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Points North: Congress Must Stop Thinking and Start Acting to Protect the Great Lakes


FinalCut_PN_20100708.mp38.27 MB

A group of lawmakers said the idea to stop the spread of the invasive Asian carp by permanently separating waterways linking the Mississippi River and the Great Lakes should be looked at with increased urgency, according to a recent news story the Minneapolis Star-Tribune.

And anyone who cares about the Great Lakes can only reply, “Ya think?”

Nero at least fiddled while ancient Rome burned. Congress, faced with an impending ecological disaster, is thinking about thinking about it. Meanwhile, Asian carp, with proven potential to explode in numbers and overwhelm an aquatic ecosystem, are beginning to enter Lake Michigan via the Chicago Canal. Wanna know how big of an environmental problem this may become? Watch nightly newscasts of a troublesome oil spill in the Gulf of Mexico.

The easy solution to the carp problem—permanently blocking the canal—ain’t gonna happen. Both the Administration and the U.S. Supreme Court have said no to proposals to seal off this source of invasive species. Carp or not, the canal is unnatural abomination—a river reversed by man so that it flows out of Lake Michigan and into the Mississippi drainage. While we hear lots of pious talk from politicians about not allowing water to be removed from the Great Lakes, this diversion has sucked water away from more than a century. Now it is a pathway to trouble.

Currently, all that prevents Asian carp, not to be confused with the nonnative common carp already infesting our waters, from entering the Great Lakes are electric barriers which are not 100 percent effective. In fact, the barriers have already been breached. An Asian carp was recently captured in Lake Calumet, which is on the Lake Michigan side of the barrier. So the carp are already ahead of Congress.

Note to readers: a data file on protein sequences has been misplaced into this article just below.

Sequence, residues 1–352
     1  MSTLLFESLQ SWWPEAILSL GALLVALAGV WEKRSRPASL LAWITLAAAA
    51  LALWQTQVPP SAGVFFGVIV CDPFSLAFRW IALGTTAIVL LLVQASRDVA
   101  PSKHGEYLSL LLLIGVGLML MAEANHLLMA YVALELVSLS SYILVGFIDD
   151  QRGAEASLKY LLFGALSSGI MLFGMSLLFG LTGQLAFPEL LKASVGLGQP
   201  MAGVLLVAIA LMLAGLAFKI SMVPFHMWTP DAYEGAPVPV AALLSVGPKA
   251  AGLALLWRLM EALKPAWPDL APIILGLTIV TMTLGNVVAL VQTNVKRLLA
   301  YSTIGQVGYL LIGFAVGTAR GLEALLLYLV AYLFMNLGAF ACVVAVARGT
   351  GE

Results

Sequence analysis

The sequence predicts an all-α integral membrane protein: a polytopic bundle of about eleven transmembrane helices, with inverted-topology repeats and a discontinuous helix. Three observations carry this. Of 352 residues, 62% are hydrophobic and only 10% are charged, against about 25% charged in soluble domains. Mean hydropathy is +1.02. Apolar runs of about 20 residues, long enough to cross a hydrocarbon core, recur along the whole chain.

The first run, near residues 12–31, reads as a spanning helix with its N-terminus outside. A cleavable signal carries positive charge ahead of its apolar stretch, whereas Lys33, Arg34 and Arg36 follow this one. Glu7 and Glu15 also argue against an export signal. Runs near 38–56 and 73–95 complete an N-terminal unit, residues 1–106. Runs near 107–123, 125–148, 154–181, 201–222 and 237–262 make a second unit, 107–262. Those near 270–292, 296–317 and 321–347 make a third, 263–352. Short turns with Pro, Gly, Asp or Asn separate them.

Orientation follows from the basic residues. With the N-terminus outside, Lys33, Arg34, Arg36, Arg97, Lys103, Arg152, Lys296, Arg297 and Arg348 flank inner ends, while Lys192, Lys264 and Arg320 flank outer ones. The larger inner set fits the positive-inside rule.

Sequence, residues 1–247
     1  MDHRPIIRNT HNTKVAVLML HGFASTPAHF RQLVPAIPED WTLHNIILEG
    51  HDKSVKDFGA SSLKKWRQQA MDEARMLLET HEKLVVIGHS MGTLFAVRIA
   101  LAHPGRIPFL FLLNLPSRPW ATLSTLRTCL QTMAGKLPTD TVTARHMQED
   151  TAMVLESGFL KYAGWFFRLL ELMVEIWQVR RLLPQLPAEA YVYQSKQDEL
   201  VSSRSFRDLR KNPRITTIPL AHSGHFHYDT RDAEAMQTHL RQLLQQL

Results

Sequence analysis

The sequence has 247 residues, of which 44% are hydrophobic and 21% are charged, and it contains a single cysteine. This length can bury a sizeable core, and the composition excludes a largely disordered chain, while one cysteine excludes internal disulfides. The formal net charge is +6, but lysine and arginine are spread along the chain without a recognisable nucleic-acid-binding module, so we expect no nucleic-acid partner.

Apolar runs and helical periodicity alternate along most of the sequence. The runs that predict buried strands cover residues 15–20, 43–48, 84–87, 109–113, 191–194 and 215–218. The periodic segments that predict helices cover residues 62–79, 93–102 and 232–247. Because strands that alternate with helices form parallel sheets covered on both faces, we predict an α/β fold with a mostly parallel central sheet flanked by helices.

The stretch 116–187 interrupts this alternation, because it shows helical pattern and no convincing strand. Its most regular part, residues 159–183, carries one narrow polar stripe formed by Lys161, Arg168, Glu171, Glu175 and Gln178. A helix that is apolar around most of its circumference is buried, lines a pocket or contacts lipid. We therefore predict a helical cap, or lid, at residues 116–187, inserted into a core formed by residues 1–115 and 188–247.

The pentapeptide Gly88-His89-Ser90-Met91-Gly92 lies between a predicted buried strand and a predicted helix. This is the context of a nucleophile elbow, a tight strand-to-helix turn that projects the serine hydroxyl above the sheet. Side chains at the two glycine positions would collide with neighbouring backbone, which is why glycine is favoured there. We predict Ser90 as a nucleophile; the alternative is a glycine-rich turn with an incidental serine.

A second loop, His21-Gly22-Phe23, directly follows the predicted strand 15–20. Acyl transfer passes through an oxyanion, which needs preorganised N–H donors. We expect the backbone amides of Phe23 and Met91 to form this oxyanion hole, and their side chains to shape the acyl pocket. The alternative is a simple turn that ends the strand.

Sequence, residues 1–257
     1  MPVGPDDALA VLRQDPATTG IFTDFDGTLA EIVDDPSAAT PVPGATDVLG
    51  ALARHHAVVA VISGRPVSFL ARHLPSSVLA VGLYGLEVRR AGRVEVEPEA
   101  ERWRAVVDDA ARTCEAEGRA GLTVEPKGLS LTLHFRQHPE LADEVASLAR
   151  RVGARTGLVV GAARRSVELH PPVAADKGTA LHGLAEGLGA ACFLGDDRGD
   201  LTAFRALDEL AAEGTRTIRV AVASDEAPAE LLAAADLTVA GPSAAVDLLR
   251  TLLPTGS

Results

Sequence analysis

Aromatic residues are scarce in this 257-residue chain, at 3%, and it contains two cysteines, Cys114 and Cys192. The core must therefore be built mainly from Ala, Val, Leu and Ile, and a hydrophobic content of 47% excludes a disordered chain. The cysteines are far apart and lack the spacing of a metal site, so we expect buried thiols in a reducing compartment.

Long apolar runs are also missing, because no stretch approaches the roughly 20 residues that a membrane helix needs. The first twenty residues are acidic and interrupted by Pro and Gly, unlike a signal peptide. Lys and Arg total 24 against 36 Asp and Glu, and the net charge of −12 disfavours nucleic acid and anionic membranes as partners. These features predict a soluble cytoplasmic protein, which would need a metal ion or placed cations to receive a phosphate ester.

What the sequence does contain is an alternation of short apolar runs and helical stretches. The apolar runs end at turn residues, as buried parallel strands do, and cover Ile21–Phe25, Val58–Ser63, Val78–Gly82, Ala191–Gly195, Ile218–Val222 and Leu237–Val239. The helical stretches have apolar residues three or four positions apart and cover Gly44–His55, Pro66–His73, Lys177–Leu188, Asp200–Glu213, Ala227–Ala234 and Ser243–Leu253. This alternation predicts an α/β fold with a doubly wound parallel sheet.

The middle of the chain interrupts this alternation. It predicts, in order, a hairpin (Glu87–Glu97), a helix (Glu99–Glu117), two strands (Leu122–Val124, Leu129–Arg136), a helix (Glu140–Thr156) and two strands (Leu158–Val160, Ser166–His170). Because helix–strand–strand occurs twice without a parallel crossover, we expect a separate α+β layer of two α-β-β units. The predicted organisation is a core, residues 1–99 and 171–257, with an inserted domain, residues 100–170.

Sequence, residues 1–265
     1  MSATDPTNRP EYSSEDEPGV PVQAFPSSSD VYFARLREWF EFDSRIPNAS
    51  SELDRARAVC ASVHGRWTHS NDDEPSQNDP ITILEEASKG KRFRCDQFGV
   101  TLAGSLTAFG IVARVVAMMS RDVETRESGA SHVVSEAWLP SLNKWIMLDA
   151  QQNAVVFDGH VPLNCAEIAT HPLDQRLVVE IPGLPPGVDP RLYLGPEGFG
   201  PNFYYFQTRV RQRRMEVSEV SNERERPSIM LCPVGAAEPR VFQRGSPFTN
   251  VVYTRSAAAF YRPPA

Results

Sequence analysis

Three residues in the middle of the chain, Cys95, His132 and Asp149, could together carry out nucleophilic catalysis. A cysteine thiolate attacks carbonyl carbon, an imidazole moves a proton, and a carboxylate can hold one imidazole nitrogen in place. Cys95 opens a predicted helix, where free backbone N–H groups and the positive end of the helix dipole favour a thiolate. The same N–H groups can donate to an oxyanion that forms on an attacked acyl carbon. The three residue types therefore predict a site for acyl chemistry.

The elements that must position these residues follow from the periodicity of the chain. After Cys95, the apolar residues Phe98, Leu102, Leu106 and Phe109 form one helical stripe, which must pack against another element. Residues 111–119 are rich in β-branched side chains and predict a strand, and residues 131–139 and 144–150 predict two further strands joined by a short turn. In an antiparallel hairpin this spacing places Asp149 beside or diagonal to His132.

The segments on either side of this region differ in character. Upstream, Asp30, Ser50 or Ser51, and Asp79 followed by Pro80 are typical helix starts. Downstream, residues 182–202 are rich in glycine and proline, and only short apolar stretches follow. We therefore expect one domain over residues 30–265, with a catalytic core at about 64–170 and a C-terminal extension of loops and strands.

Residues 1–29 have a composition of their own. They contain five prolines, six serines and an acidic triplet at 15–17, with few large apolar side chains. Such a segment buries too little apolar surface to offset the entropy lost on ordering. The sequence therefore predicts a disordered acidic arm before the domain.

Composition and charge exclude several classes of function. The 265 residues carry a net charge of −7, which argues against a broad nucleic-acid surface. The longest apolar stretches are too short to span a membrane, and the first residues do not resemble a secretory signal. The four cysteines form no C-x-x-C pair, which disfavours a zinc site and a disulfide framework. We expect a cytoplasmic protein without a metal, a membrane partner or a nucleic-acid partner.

To be fair, congressional leaders from the Midwest, including members of the Minnesota delegation, are trying to move the Asian carp issue forward.  But they are reacting to a crisis, rather than demonstrating forward-thinking, ecologically responsible leadership. The problem with invasive species is not new. But Congress hasn’t seriously tried to find a solution.

Sea lampreys and zebra mussels, the two best-known invasives, entered the Great Lakes via the St. Lawrence Seaway decades ago, and the resulting environmental damage and subsequent remediation permanently changed ecosystem and was horrifically expensive for taxpayers. While the government, using our tax money, funds lamprey and zebra mussel control, it hasn’t addressed the primary vector for invasives, which is the St. Lawrence Seaway and the ocean-going vessels entering the Great Lakes.

The reason, of course, is that making changes to the Seaway or the Chicago Canal to protect the Great Lakes doesn’t have the support of the special interests currently profiting from the movement of goods through these waterways. Nor does the protection of the Great Lakes appear to be a priority for the nation’s environmental community. As a result, Asian carp may very well become the next Great Lakes environmental disaster and taxpayers will foot the bill for addressing carp calamities.

It doesn’t have to be this way. We have the engineering prowess to devise both barriers to invasive species and the means to efficiently transport goods around them. Sure it will be expensive—but so the was the original construction of the Seaway. All it takes is the will to do it.

In the meantime, the government will do what it does best—stick it to the little guy. In the name of preventing the spread of invasive species, the Minnesota DNR celebrated Independence Day with an enforcement blitz targeting small boaters and going by the inglorious name of “Pick It or Ticket Weekend.” Across the state, boaters were confronted by conservation officers who inspected their trailered watercraft to make sure they pulled drain plugs, emptied live wells and picked all specks of aquatic weeds boats and trailers. Forget to do any of the above, and you are a criminal in the eyes of the state and may receive a ticket.

Granted, we all should do our part to prevent the further spread of troublesome flora and fauna, but is not pulling the drain plug on your boat really a crime?  More to the point, why does the government so rigorously go after average citizens while failing to address the real issues associated with the introduction and spread of invasive species? Something is wrong with this picture. It’s time for Congress to stop thinking and start